Take the scene where Toschi and Graysmith hash out new angles to the case in the booth of a diner. The flat view of them on the side is tense, looking up. At eye-level, we learn the facts with them in the shot-reverse-shot structure of one person's face, then another, that so many movies have used when they don't know what else to do. Fincher weaponizes it. We're already so tense; he doesn't even always show the person who's talking because sometimes the reaction of the listener is even more important. His camera is, as usual, perfect (this is not a value judgment, but a description of how he keeps it level and fixed, with almost computer-operated precision). Its perfection implies a kind of pre-destiny, like he’s keeping a modern record of the space and time of something that's already happened.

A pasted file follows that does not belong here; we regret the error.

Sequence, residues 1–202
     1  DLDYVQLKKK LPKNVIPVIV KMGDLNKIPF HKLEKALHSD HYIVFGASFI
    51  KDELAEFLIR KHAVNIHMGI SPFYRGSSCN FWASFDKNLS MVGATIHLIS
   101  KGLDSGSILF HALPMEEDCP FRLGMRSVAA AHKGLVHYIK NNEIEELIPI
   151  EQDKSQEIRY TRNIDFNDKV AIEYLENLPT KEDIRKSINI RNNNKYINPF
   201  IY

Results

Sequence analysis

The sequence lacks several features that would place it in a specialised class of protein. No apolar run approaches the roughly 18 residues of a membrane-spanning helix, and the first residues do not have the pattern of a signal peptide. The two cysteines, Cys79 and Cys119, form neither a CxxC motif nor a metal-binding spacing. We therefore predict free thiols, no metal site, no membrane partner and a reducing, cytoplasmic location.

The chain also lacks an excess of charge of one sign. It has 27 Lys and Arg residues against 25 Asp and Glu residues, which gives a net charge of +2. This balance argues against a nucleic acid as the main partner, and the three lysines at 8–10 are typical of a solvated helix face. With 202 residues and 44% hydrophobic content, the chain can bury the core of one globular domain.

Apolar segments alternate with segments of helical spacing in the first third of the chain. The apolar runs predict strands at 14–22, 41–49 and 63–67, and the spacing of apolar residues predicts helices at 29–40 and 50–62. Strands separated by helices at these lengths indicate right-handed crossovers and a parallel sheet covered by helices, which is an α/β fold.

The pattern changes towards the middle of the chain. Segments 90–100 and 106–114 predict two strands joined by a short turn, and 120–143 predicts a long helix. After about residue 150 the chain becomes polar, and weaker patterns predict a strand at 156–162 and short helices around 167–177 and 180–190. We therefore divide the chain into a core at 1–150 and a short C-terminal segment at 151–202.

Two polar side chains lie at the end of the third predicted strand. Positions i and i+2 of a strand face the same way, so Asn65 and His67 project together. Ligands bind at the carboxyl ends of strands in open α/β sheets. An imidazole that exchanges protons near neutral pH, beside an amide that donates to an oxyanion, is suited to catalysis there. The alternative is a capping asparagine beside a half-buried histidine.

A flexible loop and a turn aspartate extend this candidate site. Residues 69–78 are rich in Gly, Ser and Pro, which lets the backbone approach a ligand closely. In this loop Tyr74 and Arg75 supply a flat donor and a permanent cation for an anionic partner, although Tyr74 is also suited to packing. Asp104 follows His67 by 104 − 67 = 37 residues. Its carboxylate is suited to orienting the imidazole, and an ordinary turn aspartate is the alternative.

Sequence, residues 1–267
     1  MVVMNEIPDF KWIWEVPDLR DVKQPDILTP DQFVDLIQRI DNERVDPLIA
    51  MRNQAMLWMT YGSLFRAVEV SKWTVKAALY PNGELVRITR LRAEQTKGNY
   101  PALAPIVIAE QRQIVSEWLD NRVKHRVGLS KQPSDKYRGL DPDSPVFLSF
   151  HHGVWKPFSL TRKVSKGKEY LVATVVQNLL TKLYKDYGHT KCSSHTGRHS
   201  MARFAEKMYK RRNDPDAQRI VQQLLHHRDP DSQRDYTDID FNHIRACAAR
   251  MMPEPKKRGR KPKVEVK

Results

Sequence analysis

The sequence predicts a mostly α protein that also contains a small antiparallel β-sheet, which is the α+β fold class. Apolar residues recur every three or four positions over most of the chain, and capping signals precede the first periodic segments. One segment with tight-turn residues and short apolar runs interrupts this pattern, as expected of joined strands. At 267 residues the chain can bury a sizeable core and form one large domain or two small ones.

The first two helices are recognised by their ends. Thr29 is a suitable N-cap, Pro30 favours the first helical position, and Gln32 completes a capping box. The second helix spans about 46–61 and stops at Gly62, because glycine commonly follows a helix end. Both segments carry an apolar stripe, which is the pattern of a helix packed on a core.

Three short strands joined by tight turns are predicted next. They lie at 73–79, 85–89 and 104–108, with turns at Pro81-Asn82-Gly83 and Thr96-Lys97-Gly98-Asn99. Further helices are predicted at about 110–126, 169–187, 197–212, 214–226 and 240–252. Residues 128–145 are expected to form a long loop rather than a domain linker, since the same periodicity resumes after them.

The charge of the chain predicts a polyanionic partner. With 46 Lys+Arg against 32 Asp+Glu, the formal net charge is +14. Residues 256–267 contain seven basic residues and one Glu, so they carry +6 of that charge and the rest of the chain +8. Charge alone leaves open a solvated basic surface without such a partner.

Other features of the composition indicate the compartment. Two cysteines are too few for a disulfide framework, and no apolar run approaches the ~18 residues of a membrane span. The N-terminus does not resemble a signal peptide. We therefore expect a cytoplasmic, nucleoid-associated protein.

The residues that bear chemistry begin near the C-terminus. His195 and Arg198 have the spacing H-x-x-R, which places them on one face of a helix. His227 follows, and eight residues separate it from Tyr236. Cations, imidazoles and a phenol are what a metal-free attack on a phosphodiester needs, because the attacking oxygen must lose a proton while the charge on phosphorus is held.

Fincher doesn’t have to be fanciful to glorify himself: he keeps the camera firm on its tripod as though he knows that the real world looks still and suspicious; his lack of indulgence is his form of indulgence. He never stimulates the audience with handheld action (there’s only one handheld shot in the entire film, by my count). He lets the CGI – of which there’s a lot in Zodiac – to literally fade into the background, to build his period unannounced where others might have used it as a stand-in for drama. The purity of his view threatens to make all of his films fatalistic, as though the terrible things that happen in his movies have already happened and are doomed to happen. This works the best in Zodiac, where the detachment is accurate and the story, like his camera, is omniscient in the reality it depicts. These facts imply not only what happens but what must happen. His camera does this too, and the effect is consciously ominous.